Date:                          Friday 17th February 2017

Time:                         12 noon

Venue:                       G006, ILAS Building

 

Presenter:                  Dr Carys Jones – Research Officer at the Centre for Health Economics and Medicines Evaluation (CHEME), Bangor University, UK.

Email:                             c.l.jones@bangor.ac.uk                           Twitter: @CarysLJones

Carys holds a PhD in Health Economics from Bangor University, awarded in 2014. Her thesis explored quality of life measurement for family carers of people living with dementia. After completing her PhD, Carys has remained at CHEME and has worked on several research projects aligned to her primary research interests of dementia and aging. These projects have evaluated a range of interventions, including: a visual arts intervention, self-management groups for people living in the early stages of dementia, a telephone befriending scheme, and a behaviour change intervention to promote healthy ageing. A full list of Carys’ publications is available at http://cheme.bangor.ac.uk/CarysJonesBiography.php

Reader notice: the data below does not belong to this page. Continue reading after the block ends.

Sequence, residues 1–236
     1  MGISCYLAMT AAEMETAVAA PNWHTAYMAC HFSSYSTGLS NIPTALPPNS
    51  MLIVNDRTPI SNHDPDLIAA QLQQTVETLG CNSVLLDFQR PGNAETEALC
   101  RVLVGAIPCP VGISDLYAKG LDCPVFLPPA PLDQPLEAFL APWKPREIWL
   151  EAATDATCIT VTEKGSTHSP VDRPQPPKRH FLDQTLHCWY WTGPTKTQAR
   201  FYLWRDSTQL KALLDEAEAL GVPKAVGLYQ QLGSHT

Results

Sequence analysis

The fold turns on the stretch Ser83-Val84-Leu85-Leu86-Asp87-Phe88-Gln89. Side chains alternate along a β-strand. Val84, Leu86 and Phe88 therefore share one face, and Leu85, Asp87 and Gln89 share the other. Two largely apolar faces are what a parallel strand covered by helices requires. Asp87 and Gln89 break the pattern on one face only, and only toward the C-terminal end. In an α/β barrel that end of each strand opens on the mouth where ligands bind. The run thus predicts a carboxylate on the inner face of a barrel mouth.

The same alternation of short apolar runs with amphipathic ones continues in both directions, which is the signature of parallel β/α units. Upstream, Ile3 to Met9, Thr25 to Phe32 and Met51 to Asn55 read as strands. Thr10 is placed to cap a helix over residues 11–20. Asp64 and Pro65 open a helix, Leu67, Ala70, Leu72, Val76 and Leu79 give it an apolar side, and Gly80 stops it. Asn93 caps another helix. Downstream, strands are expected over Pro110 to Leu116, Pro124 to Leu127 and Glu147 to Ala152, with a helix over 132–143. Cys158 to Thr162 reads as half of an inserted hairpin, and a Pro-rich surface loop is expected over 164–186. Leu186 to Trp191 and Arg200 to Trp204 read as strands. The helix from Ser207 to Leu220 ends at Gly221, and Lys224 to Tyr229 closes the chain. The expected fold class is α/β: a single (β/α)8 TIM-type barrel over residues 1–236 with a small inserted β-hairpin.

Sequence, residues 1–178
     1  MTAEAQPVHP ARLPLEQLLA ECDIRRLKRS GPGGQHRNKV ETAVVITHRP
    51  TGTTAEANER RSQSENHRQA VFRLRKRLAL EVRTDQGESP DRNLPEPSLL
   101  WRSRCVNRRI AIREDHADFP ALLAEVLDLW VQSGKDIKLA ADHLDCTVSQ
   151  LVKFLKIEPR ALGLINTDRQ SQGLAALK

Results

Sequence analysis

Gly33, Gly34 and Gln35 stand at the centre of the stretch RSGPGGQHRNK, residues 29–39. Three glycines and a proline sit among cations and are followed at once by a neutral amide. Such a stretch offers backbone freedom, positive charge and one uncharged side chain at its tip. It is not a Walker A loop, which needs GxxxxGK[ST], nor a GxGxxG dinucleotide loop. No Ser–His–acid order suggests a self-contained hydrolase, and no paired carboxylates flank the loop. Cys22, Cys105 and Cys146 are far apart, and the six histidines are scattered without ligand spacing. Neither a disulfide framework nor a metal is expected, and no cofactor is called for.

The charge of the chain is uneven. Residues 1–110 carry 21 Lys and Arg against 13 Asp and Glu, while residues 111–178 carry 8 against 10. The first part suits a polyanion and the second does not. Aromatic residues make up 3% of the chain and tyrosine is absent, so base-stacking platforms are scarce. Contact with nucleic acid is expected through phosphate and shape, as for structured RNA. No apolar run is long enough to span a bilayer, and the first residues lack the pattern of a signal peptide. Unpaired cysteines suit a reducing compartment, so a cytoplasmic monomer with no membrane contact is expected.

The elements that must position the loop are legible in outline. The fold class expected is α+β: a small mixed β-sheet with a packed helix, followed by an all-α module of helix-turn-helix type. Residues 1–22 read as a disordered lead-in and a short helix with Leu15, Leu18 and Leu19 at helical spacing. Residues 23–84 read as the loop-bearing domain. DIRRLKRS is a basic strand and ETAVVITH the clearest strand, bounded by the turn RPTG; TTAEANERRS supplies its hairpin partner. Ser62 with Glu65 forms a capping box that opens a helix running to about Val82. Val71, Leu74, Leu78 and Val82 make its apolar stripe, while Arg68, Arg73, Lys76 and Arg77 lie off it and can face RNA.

Title:                          Valuing the economic benefits of an arts intervention: the Dementia and Imagination project


Abstract
There is growing interest in the use of non-pharmacological interventions such as arts programmes for people with dementia and their carers, though these have a mixed evidence base. Evaluative techniques such as Social Return on Investment (SROI) analysis capture the broader economic impact of an intervention and may contribute towards the establishment of an evidence base for the funding of arts programmes. This presentation describes the use of SROI analysis in the Dementia and Imagination (D&I) study, a visual arts intervention for people with dementia.

D&I was delivered to 120+ people in the UK across three settings: the community, care homes and hospital assessment units. Each group consisted of 12 weekly sessions of an arts (viewing and making) intervention led by professional artists. Outcomes such as changes in well-being for participants, engagement with art and the community, and changes in staff attitudes towards dementia were included in the analysis.

While SROI offers an opportunity to include broader outcomes than the cost-effectiveness analysis approach traditionally used in health economics, the selection of financial proxies for subjective outcomes such as well-being can be controversial and it is good practice to provide transparency in the figures used for an SROI analysis. The SROI analysis of D&I will provide policymakers with an estimate of the social value generated by investing in a visual arts programme for people with dementia.